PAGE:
It’s in your drawer to give
By Darren Lum
In just about everyone’s junk drawer there is a collection of AA batteries.
Each one of those batteries contains enough zinc to potentially save the lives of six children, who have a zinc deficiency in their diet. Zinc is necessary for growth, brain development and aids in fighting infections.
Since last month, the Haliburton Highlands Secondary School Interact Club has been collecting the batteries for the Zinc Saves Kids initiative promoted by the resource company Teck through its Zinc and Health program.
Interact co-president Leah Berry is asking for the public’s help in this yearlong effort.
“A lot of people don’t know what to do with their used batteries and they end up throwing them out. That causes harm to the environment. It’s something we can take out of our landfills to help with something else,” she said.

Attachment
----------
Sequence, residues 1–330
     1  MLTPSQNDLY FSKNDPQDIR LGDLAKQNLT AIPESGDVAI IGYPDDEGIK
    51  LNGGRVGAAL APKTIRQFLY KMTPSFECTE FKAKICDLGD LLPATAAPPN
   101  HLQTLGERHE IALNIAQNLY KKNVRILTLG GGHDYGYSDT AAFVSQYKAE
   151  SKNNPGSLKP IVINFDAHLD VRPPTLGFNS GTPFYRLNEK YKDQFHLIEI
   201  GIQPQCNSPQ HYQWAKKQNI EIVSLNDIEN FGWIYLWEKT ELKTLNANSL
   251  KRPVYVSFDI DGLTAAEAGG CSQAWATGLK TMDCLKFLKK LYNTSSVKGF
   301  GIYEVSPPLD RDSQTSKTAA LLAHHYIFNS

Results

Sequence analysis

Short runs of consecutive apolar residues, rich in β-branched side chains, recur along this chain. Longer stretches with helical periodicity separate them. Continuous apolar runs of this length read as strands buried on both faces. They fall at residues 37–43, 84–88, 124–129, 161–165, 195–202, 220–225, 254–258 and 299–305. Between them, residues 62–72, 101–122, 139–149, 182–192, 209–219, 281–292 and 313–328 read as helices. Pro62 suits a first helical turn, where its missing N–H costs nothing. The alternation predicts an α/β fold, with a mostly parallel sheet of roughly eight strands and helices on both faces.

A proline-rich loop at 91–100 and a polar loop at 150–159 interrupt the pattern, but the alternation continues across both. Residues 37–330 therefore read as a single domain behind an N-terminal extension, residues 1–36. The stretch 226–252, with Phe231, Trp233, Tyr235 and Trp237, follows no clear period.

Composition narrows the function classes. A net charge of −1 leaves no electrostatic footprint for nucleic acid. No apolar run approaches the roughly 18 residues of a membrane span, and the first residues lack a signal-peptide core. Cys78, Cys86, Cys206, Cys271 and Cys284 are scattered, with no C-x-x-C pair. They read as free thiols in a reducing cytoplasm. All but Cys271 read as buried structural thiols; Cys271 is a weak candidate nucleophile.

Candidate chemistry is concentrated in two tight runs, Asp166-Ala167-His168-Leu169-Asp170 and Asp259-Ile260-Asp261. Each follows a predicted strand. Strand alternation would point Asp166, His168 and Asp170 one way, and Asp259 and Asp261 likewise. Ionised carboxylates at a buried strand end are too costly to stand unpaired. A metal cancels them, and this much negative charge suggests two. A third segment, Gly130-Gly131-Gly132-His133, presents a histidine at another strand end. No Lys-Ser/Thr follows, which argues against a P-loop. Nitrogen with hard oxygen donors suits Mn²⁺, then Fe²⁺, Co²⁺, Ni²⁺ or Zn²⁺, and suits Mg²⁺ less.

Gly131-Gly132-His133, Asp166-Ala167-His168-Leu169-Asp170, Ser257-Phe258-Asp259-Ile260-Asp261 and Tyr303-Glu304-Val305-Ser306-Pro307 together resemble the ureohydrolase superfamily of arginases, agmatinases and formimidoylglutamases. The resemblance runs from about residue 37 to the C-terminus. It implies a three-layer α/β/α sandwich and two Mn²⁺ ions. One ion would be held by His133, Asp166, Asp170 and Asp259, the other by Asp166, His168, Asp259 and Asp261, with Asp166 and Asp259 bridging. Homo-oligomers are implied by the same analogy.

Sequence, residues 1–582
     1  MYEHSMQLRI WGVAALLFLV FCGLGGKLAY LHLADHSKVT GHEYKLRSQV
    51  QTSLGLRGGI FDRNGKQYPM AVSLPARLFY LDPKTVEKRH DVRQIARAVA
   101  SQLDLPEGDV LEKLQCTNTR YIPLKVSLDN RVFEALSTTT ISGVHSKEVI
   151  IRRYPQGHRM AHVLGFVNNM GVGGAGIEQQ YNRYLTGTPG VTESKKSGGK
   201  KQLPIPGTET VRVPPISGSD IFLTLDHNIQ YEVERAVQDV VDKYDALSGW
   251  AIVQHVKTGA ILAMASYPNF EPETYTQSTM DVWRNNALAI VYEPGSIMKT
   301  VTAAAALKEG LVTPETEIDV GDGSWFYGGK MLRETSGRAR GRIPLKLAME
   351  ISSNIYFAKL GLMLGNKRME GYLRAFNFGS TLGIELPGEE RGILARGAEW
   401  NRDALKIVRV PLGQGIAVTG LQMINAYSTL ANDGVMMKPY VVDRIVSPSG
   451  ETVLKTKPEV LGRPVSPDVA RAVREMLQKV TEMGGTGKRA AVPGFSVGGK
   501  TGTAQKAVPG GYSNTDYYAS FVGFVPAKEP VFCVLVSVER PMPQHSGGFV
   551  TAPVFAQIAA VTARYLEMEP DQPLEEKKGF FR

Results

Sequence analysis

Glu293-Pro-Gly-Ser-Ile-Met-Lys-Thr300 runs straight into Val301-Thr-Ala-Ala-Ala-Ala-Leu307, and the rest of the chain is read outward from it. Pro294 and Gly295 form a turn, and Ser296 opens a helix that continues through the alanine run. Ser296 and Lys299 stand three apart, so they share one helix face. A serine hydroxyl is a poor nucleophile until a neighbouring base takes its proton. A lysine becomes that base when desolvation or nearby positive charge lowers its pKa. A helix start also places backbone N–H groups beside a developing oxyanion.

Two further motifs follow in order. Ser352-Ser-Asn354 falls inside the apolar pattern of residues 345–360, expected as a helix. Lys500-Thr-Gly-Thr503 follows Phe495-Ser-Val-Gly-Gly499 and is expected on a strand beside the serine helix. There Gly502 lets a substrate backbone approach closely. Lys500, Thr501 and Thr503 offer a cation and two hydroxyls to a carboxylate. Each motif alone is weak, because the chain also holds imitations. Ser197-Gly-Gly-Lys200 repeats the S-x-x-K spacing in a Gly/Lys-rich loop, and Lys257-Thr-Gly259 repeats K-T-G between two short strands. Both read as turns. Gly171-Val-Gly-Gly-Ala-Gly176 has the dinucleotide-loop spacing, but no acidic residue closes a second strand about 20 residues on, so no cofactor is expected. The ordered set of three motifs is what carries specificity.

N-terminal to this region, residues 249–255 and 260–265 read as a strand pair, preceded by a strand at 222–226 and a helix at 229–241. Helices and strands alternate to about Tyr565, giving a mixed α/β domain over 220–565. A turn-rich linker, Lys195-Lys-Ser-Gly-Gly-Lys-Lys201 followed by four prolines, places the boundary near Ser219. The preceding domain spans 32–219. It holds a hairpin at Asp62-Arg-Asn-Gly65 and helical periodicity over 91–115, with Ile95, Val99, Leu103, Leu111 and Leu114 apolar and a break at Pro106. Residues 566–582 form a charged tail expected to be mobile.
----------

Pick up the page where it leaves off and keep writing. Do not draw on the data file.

Berry and her club learned about this effort from a Teck representative at the annual We Day event in Toronto on Oct. 1. The Free The Children event empowers youth to act on local and global issues.
The Zinc Saves Kids initiative is by the International Zinc Association, a non-profit organization that strives to improve the survival, growth and development of undernourished children through its funding of UNICEF supported zinc programs around the world.
Teck said their involvement isn’t about trying to sell zinc.
The zincsaveslives.com website said the annual amount required for zinc supplements is less than two per cent of its entire annual production and less than 0.1 per cent of global production.
Their effort, they say, is about raising awareness and helping to solve this health issue.
The Interact members will be outside the office every second Friday at lunch to collect in person.
Outside of that the batteries are being accepted at the school’s office until the end of the school year.
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